Labour: ‘New cyber-crime strategy needed’

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Shadow Home Secretary decries “out of date” laws that hinder police investigations.

Labour has called for an overhaul of how cybercrime is tackled, claiming the police “need to be able to operate more effectively” to deal with it.

In a speech at the left-of-centre think-tank Demos in London on March 3, Shadow Home Secretary Yvette Cooper (pictured) said there should be a new national strategy for online fraud.

She also stressed that “stronger action” against online indecent images of children was needed – with the bolstering the Child Exploitation and Online Protection (CEOP) Centre – plus a review of the Regulation of Investigatory Powers Act to see if the legislation is fit for purpose.

Ms Cooper added: “In the face of growing online crime and abuse, and the use of online communications by criminals and extremists, the police, intelligence and security agencies need to be able to operate more effectively in this digital world.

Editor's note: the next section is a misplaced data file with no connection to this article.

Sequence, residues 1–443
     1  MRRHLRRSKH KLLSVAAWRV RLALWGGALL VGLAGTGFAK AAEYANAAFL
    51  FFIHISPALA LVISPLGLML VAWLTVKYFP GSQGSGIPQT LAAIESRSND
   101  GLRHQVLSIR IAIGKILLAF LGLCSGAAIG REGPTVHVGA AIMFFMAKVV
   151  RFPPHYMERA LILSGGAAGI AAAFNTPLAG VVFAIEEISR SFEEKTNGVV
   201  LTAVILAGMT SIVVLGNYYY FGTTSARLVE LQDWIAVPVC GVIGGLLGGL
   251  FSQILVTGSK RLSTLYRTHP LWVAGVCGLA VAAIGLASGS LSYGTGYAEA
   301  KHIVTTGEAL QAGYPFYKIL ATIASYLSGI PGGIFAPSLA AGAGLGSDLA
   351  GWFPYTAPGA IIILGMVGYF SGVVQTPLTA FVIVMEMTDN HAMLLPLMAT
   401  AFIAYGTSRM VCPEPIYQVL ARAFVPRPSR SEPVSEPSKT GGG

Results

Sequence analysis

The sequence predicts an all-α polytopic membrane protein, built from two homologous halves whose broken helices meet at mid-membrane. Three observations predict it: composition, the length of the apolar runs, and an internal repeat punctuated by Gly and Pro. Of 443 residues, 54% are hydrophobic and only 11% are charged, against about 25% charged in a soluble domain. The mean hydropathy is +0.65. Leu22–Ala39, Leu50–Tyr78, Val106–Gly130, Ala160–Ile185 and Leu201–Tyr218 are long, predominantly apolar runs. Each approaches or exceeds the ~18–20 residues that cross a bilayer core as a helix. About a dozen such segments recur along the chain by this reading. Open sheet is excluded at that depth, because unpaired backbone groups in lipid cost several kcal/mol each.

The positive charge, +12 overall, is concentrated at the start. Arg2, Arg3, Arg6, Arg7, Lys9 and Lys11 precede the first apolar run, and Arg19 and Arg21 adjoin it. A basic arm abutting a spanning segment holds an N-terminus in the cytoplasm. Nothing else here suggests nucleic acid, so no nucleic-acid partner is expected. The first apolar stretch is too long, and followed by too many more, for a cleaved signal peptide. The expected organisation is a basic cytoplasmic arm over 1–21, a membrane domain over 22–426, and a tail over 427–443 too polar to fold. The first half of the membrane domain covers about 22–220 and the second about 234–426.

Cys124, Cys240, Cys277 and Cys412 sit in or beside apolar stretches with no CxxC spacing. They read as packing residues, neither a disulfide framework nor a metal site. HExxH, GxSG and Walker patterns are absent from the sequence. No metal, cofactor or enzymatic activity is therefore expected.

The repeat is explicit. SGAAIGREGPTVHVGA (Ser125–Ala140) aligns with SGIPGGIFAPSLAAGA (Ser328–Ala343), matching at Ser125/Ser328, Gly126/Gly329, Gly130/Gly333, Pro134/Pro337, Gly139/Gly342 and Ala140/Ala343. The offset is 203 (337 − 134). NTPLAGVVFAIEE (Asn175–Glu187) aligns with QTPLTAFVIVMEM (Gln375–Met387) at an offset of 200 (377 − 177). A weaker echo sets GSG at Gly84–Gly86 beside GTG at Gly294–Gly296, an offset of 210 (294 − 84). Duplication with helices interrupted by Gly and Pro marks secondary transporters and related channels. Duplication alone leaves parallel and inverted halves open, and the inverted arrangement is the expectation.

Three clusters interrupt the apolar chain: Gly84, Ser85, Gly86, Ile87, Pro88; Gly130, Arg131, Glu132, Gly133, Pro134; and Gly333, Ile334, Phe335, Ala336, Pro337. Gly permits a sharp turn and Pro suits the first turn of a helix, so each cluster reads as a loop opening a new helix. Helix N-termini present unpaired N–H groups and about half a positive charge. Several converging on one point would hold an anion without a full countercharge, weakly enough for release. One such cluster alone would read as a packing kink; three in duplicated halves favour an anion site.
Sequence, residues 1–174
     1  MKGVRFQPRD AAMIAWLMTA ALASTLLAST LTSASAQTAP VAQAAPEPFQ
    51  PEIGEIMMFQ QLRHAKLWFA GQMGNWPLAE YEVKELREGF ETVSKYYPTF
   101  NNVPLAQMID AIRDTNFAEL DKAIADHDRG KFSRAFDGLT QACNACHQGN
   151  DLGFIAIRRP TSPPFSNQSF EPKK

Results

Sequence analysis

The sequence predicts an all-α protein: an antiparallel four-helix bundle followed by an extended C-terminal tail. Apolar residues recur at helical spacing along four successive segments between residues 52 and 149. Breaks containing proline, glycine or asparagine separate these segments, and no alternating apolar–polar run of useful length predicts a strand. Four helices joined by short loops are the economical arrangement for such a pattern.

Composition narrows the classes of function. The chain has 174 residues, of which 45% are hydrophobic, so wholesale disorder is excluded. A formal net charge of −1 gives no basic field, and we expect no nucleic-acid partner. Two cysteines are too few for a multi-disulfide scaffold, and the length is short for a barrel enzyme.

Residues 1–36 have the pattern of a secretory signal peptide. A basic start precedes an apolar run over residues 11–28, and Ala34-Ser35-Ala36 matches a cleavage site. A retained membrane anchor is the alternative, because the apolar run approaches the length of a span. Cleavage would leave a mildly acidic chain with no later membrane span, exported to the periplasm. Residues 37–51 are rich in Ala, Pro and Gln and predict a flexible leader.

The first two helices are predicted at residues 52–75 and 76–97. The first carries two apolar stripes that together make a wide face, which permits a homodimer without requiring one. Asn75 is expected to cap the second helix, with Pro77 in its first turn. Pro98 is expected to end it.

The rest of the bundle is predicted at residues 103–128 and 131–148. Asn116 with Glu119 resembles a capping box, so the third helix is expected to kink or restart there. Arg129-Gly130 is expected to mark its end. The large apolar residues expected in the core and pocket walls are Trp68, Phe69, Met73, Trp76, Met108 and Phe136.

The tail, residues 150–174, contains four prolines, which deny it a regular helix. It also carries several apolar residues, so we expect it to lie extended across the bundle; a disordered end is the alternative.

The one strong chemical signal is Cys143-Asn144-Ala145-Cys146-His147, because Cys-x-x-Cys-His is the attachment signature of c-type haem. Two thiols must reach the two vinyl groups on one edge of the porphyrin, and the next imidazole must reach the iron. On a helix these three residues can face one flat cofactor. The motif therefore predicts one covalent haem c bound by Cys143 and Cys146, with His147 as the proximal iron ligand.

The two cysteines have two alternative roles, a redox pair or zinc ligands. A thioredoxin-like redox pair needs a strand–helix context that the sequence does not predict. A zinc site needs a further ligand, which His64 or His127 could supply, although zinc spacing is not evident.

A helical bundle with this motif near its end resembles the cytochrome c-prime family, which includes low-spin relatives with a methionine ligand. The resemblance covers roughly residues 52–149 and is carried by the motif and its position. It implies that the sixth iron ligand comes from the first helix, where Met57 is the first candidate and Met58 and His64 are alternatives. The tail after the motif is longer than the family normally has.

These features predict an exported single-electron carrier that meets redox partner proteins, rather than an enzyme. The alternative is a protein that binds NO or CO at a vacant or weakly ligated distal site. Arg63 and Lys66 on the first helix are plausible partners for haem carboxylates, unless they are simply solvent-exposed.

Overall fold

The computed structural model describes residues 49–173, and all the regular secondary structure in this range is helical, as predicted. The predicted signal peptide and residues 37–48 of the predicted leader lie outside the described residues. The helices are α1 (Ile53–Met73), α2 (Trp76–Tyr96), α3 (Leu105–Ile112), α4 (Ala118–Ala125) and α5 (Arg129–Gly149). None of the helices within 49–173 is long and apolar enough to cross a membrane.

“But for them to do so, we also need stronger safeguards and limits to protect our privacy and sustain confidence in their vital work. The oversight and legal frameworks are now out of date.

“That means we need major reforms to oversight and a thorough review of the legal framework to keep up with changing technology. And there are difficult wider challenges about privacy, data and the private sector, and how we protect British citizens’ interests in a global internet where everyone follows different rules.”

Ms Cooper said that consumer watchdog, Which, reported that half of people have been targeted by online scams and recorded online fraud is up 30 per cent. But she believed the figure was “the tip of the iceberg, because most of it is never reported to the police”.

The Shadow Home Secretary added that last year CEOP received 18,887 reports of child abuse – an increase of 14 per cent in 12 months.

In her speech, Ms Cooper added: “These issues – online crime, private sector data storage, intelligence operations –are often treated as separate. Yet all raise the same fundamental questions about how we sustain both liberty and security in a digital age.”

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